Under the Gypsy sun

Wild rhythm, diabolical violin melodies, exotic beauties wearing colorful dresses dancing around a fire, and a bit of travel in carriages. These are typical romantic clichés of Gypsies.  However, the reality is rather different. The Gypsy question (or Roma, to be politically correct) is very complicated and there are many controversies about it in the Czech republic. As the social situation of the Roma minority is generally desperate, there are many Gypsy-haters among the Czech majority. But this is not a story of politics, it is one of appreciation for their musical art.

Gypsies musicians, photo: archive of prague.tips

Khamoro festival offers an exclusive cocktail of the best Gypsy music, photo: bkm / prague.tips

There are many excellent Gypsy musicians worth our attention all around the world.  The Khamoro festival aims to give a different view of the Roma, who are often seen only as welfare recipients. This festival offers an exclusive, lively cocktail of the best Gypsy music from various countries.

The first Khamoro (which means “sun” in Gypsy language) festival was organized in 1999 and it has grown consistently over time. So traditionally during the last week of May, Prague is full of Gypsy music. This year it began with two evenings of Gypsy jazz  at the Jazz Dock. Dario Pinelli and his Binario Swing band is always a great listening experience. The next evening Sebastastian Feelix and the John Intrator Quartet took care of the visitors’ fun and no one was disappointed. Even though Gypsy jazz groups are not well known,  some musicologists say that jazz is actually a Gypsy invention. And after listening to these guys, one would not doubt it.

While some traditional Gypsy music fits more or less  into the generally accepted cliché mentioned above, hearing real Gypsy music may just bring a lot of surprises. And pleasant ones, I’d say. The concerts traditionally take place at the Roxy club on the last Thursday and Friday in May. The organizers bring a fascinating blend which varies every year, but the festival never lacks a brass  band from the Balkans, a Flamenco and dulcimer band from Slovakia or Czechia.  This year’s brass band was Fanfara Transilvania. In the past,  Gypsy musicians from Egypt or even from Brazil performed at Khamoro. Those who expect that the audience consists mainly of other Gypsies and multicultural world music fans would be surprised to find this isn’t the case. There was an eclectic mix of Gypsy, multicultural and mainstream fans whose bodies all writhed and swayed to the rhythms of the highly skilled musicians.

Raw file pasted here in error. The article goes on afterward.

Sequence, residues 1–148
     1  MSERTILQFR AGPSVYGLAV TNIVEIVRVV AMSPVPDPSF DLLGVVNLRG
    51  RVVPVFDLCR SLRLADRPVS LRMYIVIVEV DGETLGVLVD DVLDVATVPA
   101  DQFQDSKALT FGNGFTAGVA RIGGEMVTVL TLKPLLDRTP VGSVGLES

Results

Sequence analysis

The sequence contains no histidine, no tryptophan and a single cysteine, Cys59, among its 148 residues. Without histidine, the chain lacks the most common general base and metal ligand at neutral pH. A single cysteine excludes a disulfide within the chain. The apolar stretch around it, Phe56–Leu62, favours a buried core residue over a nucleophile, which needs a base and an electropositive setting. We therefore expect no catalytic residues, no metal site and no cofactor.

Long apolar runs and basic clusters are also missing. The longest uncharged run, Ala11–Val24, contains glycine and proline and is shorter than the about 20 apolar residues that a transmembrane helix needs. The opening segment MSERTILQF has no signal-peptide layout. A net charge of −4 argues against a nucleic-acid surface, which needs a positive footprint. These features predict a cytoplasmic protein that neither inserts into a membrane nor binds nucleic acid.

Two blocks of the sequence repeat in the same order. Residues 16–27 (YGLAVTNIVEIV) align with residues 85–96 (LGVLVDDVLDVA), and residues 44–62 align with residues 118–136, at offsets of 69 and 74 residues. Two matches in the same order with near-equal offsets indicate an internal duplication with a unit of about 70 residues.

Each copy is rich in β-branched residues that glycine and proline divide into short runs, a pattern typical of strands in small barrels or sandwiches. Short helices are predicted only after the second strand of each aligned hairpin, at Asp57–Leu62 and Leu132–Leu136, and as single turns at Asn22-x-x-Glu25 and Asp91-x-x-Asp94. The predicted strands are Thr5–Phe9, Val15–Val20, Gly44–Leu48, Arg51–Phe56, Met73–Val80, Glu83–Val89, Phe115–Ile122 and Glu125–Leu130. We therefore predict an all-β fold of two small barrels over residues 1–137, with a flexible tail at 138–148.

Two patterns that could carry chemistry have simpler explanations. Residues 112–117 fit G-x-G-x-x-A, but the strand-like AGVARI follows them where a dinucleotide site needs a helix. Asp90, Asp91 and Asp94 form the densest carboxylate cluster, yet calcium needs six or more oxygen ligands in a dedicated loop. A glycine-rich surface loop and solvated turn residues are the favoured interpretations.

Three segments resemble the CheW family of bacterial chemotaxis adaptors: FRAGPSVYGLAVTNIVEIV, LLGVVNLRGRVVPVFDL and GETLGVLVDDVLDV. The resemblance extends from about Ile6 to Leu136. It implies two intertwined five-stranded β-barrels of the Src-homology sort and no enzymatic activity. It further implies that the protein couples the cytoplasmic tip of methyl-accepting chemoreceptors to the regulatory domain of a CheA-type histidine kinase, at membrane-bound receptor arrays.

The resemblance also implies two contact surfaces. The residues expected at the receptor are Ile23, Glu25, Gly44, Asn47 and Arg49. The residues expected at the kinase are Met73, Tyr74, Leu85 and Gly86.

Photo from Khamoro parade, photo: archives of prague.tips

Khamoro parade, photo: bkm / prague.tips

Friday is always a special Gypsy music day in Prague because there’s a parade of all the musicians performing at the festival. The parade winds through the center of the city. This kind of show brings some fresh and authentic musical moments to the otherwise tourist-crowded Czech capital. The festival ended on Saturday with a gala concert, which this year was in the SaSaZu club. The show was rather formal but all the performers were gathered in one place. Unfortunately, the atmosphere was not as unrestrained as during the concerts in Roxy.

For world music fans and others, Khamoro is definitely an event that no one will regret visiting. Those who are not that interested in music, or want to learn more about other aspects of Gypsy culture, could visit some side events – dancing performances, exhibitions, theater shows, events for children or storytelling by Roma elders. So, if you find yourself in Prague next year at this time, let the Gypsy sun into your soul in the last week of May.

Author: Martin Hrbek

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